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BUSINESS
March 13, 1999
AT&T Corp. got clearance from the Justice Department to buy IBM Corp.'s global communications network for $5 billion, with no conditions attached. AT&T says it could receive $2.5 billion in additional revenue in the first full year of operating the network.
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BUSINESS
March 28, 1997 | JAMES F. PELTZ, TIMES STAFF WRITER
Closing one of the worst flops in corporate-merger history, Quaker Oats Co. agreed Thursday to sell Snapple Beverage Corp. to Triarc Cos. for $300 million, only 27 months after Quaker spent $1.7 billion to buy the maker of trendy drinks. The Quaker-Snapple fiasco joins such ill-fated business marriages as AT&T Corp. and computer maker NCR and General Electric Co. and defunct brokerage house Kidder, Peabody & Co.
BUSINESS
February 20, 2002 | KAREN KAPLAN and ELIZABETH DOUGLASS, TIMES STAFF WRITERS
When an economic slowdown last year threatened to produce a gap between Global Crossing Ltd.'s first-quarter sales figures and the numbers it had promised Wall Street, the ambitious telecommunications giant didn't want to disappoint. Global Crossing made the numbers, but now the company stands accused of using aggressive--and potentially fraudulent--accounting techniques to inflate its sales and earnings figures.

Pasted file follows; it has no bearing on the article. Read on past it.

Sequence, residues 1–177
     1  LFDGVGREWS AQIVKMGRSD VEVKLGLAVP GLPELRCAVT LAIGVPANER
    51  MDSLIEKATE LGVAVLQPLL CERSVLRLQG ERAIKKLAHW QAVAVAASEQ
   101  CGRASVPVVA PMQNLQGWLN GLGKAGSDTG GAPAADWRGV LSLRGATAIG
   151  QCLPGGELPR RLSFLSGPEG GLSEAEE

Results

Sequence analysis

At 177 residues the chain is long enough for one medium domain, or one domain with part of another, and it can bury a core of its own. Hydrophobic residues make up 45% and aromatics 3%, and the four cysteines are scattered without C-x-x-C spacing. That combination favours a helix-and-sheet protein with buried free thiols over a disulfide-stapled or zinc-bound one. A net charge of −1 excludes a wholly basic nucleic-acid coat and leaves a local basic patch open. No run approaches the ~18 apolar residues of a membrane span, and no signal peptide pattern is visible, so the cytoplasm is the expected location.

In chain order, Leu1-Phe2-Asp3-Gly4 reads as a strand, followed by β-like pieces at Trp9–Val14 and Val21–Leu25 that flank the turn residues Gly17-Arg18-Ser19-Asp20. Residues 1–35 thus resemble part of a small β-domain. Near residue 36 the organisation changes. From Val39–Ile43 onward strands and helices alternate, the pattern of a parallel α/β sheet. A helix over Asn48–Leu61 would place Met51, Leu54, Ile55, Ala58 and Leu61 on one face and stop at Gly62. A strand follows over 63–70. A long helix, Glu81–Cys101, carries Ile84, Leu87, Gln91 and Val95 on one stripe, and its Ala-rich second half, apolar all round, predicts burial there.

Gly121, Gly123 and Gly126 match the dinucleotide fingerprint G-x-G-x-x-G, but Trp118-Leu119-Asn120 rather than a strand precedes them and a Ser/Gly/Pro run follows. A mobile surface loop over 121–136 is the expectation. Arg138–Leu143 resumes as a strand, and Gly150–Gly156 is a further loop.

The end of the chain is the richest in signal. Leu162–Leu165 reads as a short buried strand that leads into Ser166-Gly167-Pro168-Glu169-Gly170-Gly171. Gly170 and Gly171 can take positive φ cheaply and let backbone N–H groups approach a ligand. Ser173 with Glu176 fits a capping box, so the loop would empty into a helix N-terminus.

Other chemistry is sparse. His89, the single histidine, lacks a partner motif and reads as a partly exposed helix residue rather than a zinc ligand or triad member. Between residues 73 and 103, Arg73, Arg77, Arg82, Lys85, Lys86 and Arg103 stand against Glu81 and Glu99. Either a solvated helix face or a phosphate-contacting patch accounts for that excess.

BUSINESS
July 1, 2005 | From Associated Press
AT&T Corp. shareholders approved the company's $16-billion acquisition by SBC Communications Inc., which would create one of the world's largest phone companies. The merger has won regulatory approval in 26 states and still needs OKs from 10 additional states and the federal government. If it is approved, closing is expected late this year or early next year.
MAGAZINE
January 12, 2003 | P.J. Huffstutter, Times staff writer P.J. Huffstutter last wrote for the magazine about the rise of Vivid Video Inc., the nation's leading porn producer.
During production of the 1997 movie "Mimic," American Humane Assn. representatives wandered through the Los Angeles set, ensuring that a herd of cockroaches was well taken care of. Licensed animal handlers were to follow state and federal anti-cruelty laws designed to protect the insects, which had been trained to swirl around actress Mira Sorvino's feet. The roaches had to be fed at a certain time. They could only work a few hours each day. They could not be harmed. At the same time, in studios in the San Fernando Valley, scores of other actors and actresses were working on movies.
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